LAKEWOOD, Colo. — A bakery owner who refused to prepare a wedding cake for a gay couple heads to court Wednesday in a case closely watched for its implications on religious freedom in a society that increasingly embraces same-sex marriage.
Jack Phillips, owner of Masterpiece Cakeshop in Lakewood, is accused of violating state public-accommodation law by declining for religious reasons in June 2012 to bake a cake for David Mullins and Charlie Craig’s reception.
The case has become a cause celebre for gay-rights advocates, who argue that Mr. Phillips violated anti-discrimination laws by refusing service to the couple. The bakery has since been the target of protests and boycotts for more than a year.
“Everyone is entitled to their own religious beliefs, but Mr. Phillips chose to operate his business in the public sphere and his beliefs do not give him a right to discriminate,” said Sara J. Rich, staff attorney for the American Civil Liberties Union of Colorado, which represents the couple, in a document.
“I’m a huge supporter of gay rights, gay weddings, gay marriage, adoption rights, but these guys are wrong and the Masterpiece Cakeshop is right,” said Mr. Boyles on Monday’s broadcast.
Mr. Phillips “doesn’t say, ‘You can’t come in here and buy’; he says, ‘I’m not going to make you a cake of two men getting married,’” said Mr. Boyles. “As much as I support two men getting married, I support his right to say no.”
Mr. Boyles points out that the Masterpiece Cakeshop won’t make Halloween cakes, either. Gay-rights advocates counter that the bakery will create cakes for dog “weddings,” although the shop’s supporters argue that such ceremonies are make-believe.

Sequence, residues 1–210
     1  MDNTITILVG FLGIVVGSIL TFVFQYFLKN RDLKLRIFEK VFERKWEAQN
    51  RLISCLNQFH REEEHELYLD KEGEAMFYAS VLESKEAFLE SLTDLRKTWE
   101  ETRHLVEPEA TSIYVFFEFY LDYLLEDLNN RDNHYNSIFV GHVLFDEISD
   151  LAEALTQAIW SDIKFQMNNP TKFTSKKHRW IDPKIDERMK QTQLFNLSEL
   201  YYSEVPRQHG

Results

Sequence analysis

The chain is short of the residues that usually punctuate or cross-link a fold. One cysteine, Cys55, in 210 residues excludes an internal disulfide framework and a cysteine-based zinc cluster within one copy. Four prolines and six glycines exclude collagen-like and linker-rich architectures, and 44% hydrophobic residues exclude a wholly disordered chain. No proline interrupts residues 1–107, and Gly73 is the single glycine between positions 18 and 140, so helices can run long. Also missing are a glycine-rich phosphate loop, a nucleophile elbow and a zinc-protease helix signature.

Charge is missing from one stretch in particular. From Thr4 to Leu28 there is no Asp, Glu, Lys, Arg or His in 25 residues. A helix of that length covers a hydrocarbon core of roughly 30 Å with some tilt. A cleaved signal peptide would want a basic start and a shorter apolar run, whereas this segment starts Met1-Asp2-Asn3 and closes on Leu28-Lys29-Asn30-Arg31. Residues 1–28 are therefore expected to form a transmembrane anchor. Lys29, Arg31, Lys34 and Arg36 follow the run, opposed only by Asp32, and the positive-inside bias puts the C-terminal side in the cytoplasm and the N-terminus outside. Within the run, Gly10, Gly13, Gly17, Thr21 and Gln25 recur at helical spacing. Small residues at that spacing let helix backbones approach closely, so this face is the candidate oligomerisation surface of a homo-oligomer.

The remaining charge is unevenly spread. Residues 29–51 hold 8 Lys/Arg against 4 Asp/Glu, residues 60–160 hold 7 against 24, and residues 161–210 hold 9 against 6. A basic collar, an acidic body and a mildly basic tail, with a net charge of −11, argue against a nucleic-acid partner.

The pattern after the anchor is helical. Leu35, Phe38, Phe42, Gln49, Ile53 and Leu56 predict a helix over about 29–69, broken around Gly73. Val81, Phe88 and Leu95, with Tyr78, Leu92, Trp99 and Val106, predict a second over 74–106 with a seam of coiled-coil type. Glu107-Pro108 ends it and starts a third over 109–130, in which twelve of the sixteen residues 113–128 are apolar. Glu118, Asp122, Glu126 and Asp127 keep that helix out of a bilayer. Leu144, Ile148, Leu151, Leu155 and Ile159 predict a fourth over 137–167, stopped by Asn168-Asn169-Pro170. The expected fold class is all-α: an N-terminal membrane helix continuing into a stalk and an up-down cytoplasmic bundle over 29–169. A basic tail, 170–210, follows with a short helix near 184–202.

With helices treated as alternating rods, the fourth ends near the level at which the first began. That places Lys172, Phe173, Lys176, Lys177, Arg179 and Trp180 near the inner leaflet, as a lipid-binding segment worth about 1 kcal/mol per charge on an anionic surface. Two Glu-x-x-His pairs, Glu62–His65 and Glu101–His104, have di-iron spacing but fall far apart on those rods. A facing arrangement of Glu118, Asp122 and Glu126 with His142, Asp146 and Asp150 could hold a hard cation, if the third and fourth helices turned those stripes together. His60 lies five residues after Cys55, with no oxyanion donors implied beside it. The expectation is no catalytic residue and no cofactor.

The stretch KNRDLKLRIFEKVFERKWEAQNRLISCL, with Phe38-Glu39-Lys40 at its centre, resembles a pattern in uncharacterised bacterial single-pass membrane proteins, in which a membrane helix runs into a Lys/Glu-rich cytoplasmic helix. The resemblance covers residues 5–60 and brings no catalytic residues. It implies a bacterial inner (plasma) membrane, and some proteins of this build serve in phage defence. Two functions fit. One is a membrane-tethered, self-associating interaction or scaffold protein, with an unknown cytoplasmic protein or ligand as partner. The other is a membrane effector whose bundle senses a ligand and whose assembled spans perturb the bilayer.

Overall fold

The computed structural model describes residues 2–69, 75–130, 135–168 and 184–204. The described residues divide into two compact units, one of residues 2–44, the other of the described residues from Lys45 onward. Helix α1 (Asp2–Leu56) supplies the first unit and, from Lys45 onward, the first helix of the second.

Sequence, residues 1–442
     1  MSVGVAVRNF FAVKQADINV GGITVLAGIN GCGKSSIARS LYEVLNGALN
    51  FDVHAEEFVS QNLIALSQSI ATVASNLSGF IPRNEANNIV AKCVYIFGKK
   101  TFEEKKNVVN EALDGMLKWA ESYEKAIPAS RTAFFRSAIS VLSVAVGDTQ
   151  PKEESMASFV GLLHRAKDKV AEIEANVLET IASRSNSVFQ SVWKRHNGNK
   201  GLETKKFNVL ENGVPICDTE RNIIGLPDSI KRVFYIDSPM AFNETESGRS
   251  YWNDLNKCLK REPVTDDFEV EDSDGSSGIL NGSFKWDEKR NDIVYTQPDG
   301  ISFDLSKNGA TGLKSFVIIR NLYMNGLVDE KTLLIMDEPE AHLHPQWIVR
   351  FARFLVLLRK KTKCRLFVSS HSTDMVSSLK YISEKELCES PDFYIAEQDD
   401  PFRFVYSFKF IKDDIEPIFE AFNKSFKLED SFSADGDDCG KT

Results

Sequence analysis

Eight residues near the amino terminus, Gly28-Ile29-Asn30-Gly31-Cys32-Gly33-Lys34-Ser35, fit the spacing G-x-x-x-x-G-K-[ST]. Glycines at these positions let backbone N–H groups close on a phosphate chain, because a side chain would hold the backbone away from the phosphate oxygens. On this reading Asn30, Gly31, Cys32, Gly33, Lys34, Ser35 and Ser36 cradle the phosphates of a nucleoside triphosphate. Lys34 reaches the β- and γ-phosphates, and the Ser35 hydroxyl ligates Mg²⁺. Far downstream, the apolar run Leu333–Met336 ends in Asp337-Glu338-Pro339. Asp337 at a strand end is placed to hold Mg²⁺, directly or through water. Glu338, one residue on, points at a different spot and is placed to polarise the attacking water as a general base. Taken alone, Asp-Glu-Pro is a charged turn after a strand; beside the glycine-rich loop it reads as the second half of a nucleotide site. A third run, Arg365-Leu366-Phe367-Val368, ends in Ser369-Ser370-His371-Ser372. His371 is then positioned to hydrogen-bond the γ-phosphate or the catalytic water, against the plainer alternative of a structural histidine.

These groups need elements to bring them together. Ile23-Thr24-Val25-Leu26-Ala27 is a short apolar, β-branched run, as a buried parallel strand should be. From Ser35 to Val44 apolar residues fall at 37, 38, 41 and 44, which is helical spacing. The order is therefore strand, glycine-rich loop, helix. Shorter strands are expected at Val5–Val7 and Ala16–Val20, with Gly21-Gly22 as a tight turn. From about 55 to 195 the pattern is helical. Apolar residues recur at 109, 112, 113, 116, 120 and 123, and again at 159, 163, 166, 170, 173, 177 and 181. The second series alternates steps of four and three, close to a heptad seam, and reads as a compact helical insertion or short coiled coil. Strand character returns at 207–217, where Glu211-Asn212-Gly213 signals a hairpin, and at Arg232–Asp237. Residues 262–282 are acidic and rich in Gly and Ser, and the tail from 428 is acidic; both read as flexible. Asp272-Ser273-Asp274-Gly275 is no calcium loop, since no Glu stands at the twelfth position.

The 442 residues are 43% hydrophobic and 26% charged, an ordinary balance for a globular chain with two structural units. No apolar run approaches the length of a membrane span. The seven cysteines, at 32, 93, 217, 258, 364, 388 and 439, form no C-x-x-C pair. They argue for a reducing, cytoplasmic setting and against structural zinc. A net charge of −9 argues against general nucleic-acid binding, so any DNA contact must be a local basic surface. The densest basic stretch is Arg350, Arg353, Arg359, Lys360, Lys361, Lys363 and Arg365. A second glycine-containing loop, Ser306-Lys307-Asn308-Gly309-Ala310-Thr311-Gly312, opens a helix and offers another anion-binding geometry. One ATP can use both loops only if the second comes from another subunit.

So far, business owners who try to draw the line at gay marriage haven’t fared well in court. In August, the New Mexico Supreme Court ruled against Elane Photography for refusing to take photos for a same-sex marriage ceremony.
“[W]hen Elane Photography refused to photograph a same-sex commitment ceremony, it violated the [New Mexico Human Rights Act] in the same way as if it had refused to photograph a wedding between people of different races,” the court ruled in a unanimous opinion.
Neither Colorado nor New Mexico has legalized same-sex marriage. The Colorado couple seeking the wedding cake was married in Massachusetts.
Jordan Lorence, attorney for Alliance Defending Freedom, said some business products, such as cakes, photographs and even tattoos, also communicate a message. By compelling such business owners to convey that message or shut down, he said, the government is infringing on their First Amendment rights.
“The reason for the cake is not simply to feed people. A wedding cake is an iconic symbol of a marriage,” said Mr. Lorence. “What they’re telling him is, ‘You’ve got to produce this image or you’ll be punished by the state.’”
Businesses on the flip side often refuse to cater to clients they disagree with, he said. In New Mexico, for example, hairstylist Antonio Darden has been lionized in the press for dropping Gov. Susana Martinez as a client because she opposes same-sex marriage.
“People who think these businesses should lose in court are assuming, ‘I’m never going to be asked to do anything in my business that I disagree with,’” said Mr. Lorence. “‘I don’t need this right at all.’ But the government tends to make people believe whatever the prevailing orthodoxy is, as we saw with anti-communism” during the 1950s McCarthy era.